Last September, the world’s largest restaurant chain, McDonald’s, announced that it would pilot a reusable packaging scheme in the U.K. In keeping with its commitment, the fast-food giant has collaborated with zero-waste delivery platform Loop to launch a pilot returnable coffee cup scheme across six of its outlets in the U.K.
First zero-waste packaging solution
The new program is part of the collaboration with Loop, a circular packaging solution company founded in May 2019 by the Franco-U.S. waste management firm Terracycle. The reusable coffee cup scheme will cost GBP£1(approx. US$1.35) deposit.
As a reward for purchasing hot drinks in the returnable cup, customers will receive a 20p (approx. US$0.27) discount on the purchase. After the cup is used, customers can rent the cup for as long as they like and drop their cups at any of the specific Loop branded collection bins at the six participating restaurants. The cups will then be cleaned and sanitised to be reused again.
In addition, to address the hygiene of the cups that customers might question, Loop has created a system along with hygiene solutions company EcoLab to ensure that all the cups are as safe as the single-use ones. There is scientific proof that shows that if basic hygiene is practised, reusable does not increase the risk of coronavirus transmission.
Customers that do so will further avail of a 20p discount on their next medium hot drink purchase. This means that after five returns and successive orders, customers will continue to receive this discount every time they choose a Loop cup.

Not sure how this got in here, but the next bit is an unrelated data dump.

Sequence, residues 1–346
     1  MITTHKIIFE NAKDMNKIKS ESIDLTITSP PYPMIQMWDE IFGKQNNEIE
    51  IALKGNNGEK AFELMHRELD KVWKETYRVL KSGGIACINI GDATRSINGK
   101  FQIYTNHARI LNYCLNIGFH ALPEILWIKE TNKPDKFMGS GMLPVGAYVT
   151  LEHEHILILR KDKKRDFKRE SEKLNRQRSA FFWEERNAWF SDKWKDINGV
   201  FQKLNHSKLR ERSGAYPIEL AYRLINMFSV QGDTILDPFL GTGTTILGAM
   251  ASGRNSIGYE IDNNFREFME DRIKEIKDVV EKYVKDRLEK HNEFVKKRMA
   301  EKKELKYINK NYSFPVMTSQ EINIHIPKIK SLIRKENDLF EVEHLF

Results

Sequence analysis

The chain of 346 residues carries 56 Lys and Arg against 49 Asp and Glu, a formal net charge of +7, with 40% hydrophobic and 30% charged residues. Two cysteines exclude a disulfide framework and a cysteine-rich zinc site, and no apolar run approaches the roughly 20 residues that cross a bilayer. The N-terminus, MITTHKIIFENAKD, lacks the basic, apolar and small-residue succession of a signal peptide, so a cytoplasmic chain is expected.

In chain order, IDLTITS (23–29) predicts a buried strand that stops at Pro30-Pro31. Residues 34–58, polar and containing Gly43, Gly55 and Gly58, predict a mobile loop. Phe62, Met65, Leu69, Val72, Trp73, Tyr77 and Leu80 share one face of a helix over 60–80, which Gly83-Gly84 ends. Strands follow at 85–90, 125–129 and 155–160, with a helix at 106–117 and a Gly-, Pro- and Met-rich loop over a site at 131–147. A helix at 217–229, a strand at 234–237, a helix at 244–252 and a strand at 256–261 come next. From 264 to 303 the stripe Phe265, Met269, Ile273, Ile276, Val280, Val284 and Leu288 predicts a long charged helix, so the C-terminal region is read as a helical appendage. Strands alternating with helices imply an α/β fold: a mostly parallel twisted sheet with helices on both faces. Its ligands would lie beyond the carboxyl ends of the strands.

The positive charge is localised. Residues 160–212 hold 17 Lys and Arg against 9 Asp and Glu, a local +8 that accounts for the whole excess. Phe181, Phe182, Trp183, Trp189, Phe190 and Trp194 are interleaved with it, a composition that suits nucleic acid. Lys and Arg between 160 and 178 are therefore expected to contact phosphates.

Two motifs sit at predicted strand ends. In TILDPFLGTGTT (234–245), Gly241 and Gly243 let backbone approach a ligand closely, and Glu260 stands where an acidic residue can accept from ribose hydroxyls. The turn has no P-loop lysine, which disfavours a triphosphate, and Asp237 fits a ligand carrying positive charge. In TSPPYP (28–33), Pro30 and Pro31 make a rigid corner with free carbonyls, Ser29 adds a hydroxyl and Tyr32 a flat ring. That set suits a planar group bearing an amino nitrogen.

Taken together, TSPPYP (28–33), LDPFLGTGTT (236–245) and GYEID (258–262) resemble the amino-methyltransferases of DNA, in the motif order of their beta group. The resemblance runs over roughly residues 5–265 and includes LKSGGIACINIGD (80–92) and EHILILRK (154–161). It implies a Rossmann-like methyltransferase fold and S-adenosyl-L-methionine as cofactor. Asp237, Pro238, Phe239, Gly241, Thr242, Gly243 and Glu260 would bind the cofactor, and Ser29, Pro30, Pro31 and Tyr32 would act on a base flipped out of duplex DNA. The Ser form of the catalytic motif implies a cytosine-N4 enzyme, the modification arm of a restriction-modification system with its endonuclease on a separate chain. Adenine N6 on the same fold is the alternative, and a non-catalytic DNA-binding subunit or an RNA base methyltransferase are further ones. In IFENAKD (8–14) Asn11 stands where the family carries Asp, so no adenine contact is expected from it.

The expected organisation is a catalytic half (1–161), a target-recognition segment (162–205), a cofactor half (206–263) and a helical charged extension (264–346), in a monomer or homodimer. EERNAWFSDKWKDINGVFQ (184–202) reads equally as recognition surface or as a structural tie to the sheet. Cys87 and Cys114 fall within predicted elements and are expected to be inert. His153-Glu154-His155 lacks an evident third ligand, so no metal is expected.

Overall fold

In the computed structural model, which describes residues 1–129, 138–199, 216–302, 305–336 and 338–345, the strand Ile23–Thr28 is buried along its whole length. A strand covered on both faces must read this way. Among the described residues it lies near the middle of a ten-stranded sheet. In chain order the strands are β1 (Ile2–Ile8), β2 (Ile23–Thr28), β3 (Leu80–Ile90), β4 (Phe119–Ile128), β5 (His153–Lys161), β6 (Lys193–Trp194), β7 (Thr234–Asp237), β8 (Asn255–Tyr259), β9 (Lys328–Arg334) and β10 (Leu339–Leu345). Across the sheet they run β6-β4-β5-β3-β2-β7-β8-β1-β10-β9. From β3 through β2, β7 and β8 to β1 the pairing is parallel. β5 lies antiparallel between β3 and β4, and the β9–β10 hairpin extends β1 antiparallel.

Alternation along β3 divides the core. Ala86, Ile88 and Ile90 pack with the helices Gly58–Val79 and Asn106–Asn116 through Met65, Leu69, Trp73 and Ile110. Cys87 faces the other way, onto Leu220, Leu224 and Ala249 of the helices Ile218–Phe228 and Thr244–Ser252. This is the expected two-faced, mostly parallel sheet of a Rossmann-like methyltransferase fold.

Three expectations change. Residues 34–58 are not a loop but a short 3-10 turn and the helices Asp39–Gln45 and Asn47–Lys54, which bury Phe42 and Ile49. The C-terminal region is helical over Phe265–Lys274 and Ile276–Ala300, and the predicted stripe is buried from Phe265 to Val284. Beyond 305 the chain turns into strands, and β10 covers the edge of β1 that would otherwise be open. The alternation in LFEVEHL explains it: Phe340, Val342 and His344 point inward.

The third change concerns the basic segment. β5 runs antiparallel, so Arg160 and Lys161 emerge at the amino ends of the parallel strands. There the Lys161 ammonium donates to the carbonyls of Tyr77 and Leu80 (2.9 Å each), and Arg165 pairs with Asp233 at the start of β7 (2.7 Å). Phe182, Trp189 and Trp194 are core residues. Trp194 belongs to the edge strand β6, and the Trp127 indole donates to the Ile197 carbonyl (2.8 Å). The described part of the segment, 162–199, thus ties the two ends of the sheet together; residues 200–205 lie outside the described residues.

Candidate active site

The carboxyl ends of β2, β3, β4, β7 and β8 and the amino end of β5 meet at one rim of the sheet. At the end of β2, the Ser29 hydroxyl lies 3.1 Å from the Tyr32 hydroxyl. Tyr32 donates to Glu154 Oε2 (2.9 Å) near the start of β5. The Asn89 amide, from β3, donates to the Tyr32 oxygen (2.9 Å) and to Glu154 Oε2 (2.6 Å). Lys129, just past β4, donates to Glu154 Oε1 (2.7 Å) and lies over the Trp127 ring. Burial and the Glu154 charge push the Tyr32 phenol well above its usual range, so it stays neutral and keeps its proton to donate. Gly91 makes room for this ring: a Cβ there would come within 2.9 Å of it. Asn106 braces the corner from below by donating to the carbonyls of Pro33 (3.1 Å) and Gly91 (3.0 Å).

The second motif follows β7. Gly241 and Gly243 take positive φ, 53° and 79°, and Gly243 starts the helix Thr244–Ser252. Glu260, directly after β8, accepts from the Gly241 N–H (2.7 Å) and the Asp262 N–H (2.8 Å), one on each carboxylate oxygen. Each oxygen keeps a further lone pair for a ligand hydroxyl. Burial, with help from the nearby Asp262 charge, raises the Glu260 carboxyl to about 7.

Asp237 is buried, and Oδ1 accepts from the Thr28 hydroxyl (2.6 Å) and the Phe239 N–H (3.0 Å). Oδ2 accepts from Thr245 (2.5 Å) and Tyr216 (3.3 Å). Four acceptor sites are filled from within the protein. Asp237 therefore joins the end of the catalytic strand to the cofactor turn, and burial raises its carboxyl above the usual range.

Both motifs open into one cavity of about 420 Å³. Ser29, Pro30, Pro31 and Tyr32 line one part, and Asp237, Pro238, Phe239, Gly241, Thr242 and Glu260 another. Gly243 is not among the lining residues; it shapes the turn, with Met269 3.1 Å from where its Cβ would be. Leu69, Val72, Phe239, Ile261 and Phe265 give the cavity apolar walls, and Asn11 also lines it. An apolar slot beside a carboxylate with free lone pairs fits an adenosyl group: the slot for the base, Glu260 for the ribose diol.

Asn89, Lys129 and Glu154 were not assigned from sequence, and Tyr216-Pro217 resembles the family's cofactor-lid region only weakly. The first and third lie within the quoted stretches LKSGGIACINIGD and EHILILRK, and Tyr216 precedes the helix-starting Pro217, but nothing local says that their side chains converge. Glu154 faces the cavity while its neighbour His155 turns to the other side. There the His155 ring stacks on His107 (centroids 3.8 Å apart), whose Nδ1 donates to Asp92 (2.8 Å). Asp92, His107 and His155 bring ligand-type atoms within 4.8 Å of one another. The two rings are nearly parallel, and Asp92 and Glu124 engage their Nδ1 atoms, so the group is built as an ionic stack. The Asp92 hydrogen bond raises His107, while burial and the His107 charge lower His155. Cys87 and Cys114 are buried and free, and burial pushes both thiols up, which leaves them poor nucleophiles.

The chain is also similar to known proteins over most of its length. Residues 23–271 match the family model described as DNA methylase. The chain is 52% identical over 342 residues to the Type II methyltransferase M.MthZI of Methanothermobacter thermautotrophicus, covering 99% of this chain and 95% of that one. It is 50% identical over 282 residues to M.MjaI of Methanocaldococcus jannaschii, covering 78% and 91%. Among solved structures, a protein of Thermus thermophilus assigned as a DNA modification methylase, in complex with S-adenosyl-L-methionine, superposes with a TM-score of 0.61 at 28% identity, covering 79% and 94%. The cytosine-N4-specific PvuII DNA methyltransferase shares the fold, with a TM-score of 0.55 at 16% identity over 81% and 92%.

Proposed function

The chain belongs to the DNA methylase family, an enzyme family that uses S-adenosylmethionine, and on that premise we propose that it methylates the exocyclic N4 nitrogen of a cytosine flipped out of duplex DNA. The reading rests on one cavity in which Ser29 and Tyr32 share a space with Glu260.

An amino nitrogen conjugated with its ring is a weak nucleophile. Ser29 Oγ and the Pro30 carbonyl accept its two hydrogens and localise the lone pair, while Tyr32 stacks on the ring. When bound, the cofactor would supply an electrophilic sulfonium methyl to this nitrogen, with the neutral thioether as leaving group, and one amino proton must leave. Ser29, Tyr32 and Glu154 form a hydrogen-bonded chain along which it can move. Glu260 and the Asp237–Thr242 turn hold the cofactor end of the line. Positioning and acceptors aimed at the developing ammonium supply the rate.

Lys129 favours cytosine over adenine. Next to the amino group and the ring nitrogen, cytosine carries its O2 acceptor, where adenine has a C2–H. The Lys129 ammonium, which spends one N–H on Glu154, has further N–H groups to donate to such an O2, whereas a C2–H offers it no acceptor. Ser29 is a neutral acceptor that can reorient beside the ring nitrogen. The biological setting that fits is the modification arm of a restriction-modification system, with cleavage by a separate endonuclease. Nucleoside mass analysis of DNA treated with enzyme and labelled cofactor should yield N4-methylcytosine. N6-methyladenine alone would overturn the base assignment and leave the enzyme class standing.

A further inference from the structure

If a customer forgets a cup on their next visit to the outlet, they can pay another £1 deposit and return both the cups next time.
In an earlier statement, the vice president of global sustainability at McDonald’s, Jenny McColloch said: “We’re on a journey to rethink how we package products to give customers options that reduce waste, maintain the highest safety standards, and enhance the McDonald’s experience they expect and enjoy.”
Read: Takeaway Food Packaging Makes Up Half Of Ocean Plastic Waste, Study Finds
Circular design brand Circular&Co have created the cups out of previous single-use coffee cups.
They further include engineered polypropylene (PP) plastic for durability, as well as making it easier to be cleaned for use again. The quantity of plastic, however, has been reduced by incorporating recycled paper cup material in the outer insulation layer.
After the reusable cups reach the end-of-life cycle, they are recycled and the material is used to develop the next batch of reusable cups.
Founder and CEO of TerraCycle and Loop, Tom Szaky said: “This groundbreaking partnership with McDonald’s enables Loop to greatly expand its reach by bringing convenient reusable packaging options to the foodservice industry. The partnership paves the way for reusables to become an accessible option for consumers as they enjoy their meal on the go.”
Read: 8 Circular Packaging Companies To Watch In The Race To Close The Waste Loop
Tackling plastic pollution
McDonald’s has also removed plastic Happy Meal toys, plastic straws, McFlurry lids, and salad boxes and switched to “more sustainable options”. In doing so, the fast-food giant claims it has saved over 4000 tonnes of plastic each year.
In addition, nearly 90% of its packaging comes from recycled or renewable sources, and it aims to convert all its plastic packaging to fully recyclable or compostable ones.
Mcdonald’s rival Burger King has also joined forces with Loop to expand its reusables testing program for items like the Whopper and drinks to cities like Paris and London.
Apart from fast-food chains, supermarket Aeon collaborated with Loop to sell its products in reusable packaging to tackle Japan’s plastic waste crisis, which ranks second in the world in terms of individual plastic use. In the U.K., through Loop, supermarket giant Tesco launched a new dedicated website through which customers can purchase 150 products in refillable containers.
Lead image courtesy of McDonald’s.